When delineating a historical narrative of the origin and development of economic liberalism, Polanyi moves from making subtle rhetorical attacks at first (like aligning his opponents with religious fanatics) to more explicit attacks. In fashioning his own narrative, Polanyi throws his first punch about 5 pages into the chapter: unlike the myth told by economic liberals, "there was nothing natural about laissez faire" (145). According to Polanyi, from its origin, state intervention was necessary to implement a laissez faire economy. In exposing this paradox, Polanyi weaves in the story of utilitarianism and Bentham during the heroic period of laissez faire. Polanyi uses the historical example of Bentham-- who believed that government, with all its administrative organs, was an agency for achieving happiness- as evidence which testifies to the fact that laissez faire economy does not have a natural, "spontaneous" origin; rather, the "road to free market was opened and kept open by an enormous increase in continuous, centrally organized and controlled interventionism" (147). In addition to "de-naturalizing" the myth that laissez faire economy emerged from a spontaneous order, Polanyi also precedes Davis and Klein by arguing that this interventionism is marked in blood, as Bentham maintained that political repression and coercive measures are necessary to implement a laissez faire economy.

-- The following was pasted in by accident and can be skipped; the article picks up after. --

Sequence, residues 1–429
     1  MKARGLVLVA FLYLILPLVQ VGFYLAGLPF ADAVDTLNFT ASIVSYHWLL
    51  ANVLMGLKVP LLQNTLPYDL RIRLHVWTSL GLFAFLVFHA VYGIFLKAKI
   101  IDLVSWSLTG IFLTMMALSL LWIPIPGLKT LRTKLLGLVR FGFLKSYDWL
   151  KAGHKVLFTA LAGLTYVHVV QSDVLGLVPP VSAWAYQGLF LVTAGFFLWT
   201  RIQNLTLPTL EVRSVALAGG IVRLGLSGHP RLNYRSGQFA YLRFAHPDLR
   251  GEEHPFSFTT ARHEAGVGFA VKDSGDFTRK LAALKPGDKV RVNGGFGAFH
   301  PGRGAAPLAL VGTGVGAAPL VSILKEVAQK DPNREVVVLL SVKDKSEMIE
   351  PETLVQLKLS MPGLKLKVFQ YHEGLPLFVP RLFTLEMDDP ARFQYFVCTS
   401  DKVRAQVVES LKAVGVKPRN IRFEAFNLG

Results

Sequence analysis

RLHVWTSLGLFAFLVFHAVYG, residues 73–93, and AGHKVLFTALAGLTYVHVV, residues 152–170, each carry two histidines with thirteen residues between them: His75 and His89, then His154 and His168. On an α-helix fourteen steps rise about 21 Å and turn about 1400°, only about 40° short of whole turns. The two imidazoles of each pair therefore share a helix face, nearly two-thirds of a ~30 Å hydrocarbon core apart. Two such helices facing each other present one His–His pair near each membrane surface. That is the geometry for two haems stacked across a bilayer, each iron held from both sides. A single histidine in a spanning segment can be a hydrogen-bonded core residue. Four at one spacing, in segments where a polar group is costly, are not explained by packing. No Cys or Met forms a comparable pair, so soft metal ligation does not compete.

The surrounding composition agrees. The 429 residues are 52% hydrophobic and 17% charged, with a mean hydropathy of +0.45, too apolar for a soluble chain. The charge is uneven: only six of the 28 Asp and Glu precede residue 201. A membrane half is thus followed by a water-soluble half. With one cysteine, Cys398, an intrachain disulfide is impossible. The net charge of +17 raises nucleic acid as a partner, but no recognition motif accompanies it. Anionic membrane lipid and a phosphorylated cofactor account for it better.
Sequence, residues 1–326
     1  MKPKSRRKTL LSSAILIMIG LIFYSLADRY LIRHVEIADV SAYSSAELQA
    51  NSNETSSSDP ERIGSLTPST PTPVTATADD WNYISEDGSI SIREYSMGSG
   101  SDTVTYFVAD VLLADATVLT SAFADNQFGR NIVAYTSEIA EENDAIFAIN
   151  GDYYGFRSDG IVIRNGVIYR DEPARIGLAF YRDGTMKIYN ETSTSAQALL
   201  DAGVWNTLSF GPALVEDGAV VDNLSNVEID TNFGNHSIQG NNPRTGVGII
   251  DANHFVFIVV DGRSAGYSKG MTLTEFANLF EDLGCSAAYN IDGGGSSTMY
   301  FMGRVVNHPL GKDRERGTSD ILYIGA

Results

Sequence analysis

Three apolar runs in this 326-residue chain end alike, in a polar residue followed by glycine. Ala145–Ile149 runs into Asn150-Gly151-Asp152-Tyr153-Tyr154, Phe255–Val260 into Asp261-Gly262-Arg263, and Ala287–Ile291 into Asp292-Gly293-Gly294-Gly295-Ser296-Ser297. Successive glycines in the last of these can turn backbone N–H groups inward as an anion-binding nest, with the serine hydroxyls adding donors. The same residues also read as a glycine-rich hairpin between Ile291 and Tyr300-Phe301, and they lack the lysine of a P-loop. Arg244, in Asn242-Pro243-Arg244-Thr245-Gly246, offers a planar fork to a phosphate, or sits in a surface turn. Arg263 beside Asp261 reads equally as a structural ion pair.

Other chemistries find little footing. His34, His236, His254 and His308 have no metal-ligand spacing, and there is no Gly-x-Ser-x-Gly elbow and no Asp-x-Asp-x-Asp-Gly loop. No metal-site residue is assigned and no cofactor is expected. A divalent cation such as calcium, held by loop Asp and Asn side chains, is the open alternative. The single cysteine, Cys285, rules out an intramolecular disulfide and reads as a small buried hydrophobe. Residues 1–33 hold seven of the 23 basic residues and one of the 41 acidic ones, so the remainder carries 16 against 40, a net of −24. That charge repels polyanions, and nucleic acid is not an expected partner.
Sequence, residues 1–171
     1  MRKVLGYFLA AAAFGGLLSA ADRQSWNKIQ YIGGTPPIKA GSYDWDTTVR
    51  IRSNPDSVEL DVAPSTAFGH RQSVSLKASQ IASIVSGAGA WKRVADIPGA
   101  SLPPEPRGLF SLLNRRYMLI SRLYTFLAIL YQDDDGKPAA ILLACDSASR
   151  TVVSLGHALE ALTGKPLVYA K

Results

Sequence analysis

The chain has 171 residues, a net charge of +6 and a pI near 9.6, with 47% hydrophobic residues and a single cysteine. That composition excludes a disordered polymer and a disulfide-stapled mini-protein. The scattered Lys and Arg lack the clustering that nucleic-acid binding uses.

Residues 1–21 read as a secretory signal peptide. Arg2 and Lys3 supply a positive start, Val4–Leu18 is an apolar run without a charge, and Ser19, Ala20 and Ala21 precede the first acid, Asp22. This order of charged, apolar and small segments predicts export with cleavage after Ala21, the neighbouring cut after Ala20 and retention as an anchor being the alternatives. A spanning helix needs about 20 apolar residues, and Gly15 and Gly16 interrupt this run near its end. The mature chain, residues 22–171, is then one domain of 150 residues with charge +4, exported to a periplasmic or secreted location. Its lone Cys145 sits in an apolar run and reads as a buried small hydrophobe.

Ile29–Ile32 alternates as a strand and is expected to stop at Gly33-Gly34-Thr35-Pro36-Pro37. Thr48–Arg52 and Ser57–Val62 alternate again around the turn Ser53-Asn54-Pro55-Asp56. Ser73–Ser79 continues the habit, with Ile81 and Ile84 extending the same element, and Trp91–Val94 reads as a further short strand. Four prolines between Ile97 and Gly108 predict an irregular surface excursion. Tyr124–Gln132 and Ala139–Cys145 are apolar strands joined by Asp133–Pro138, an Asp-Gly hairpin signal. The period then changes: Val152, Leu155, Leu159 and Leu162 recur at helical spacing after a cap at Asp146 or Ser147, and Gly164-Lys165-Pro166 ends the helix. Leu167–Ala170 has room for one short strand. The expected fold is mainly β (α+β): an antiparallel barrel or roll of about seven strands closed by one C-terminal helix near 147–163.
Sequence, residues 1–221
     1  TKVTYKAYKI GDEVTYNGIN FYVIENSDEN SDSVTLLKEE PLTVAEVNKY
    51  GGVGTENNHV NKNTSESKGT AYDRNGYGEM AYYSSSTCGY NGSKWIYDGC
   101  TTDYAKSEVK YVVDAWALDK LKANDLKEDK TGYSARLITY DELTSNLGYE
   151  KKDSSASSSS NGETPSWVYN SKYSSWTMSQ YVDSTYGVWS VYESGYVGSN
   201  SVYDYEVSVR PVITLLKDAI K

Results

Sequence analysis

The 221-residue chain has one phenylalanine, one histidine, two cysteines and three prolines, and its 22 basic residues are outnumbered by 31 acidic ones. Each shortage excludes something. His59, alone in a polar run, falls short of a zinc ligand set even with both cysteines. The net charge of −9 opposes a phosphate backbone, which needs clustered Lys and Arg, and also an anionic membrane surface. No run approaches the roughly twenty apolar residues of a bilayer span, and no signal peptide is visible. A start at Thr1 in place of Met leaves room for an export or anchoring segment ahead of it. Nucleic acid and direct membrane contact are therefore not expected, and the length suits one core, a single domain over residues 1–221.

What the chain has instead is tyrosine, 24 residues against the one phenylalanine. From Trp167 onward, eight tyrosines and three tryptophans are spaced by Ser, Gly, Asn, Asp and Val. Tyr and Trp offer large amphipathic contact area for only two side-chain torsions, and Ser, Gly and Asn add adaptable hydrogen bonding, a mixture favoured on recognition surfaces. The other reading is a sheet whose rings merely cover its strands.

After throwing forward his first punch, in which he shows that the laissez faire economy was the product of deliberate state action, Polanyi makes another offensive move when recounting the narrative of economic liberalism. In a moment of dramatic reversal, he states that "subsequent restrictions on laissez-faire started in a spontaneous way. Laissez faire was planned; planning was not". When mobilizing this aphorisim "laissez faire was planned; planning was not," we can observe that Polanyi is directly speaking to Hayek, who argues that "planners," or proponents of an interventionist government, would lead citizens on the road to "serfdom" (as we saw in the Road to Serfdom comic when he obnoxiously inserts "planners" into every frame of the comic). Speaking in Hayek's language, Polanyi appropriates Hayek's terms and cleverly re-orders them to pummel Hayek's argument and assert dominance with his argument. When explaining how "planning was not planned," Polanyi replicates his previous gesture and employs a mode of operation that relies on its force from its empirical methodology. Like his story of the Bethamites, Polanyi roots his argument in a historical example, discussing how Dicey--who made first inquiry into origin of "anti-laissez-faire" collectivist trend-- came to the conclusion that there was "no evidence of a 'collectivist trend' in public opinion prior to the laws which appeared to represent a trend could be found."